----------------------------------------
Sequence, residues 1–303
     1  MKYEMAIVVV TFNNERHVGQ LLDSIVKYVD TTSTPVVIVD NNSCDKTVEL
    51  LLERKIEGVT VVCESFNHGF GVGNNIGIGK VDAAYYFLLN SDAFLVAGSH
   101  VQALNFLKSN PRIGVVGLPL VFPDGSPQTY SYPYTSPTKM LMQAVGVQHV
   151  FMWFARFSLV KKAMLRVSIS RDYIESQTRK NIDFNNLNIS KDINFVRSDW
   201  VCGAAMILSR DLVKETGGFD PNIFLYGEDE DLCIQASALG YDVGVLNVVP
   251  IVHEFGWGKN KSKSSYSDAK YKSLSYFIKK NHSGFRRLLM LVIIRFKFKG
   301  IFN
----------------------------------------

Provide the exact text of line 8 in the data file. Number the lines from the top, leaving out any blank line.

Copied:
   301  IFN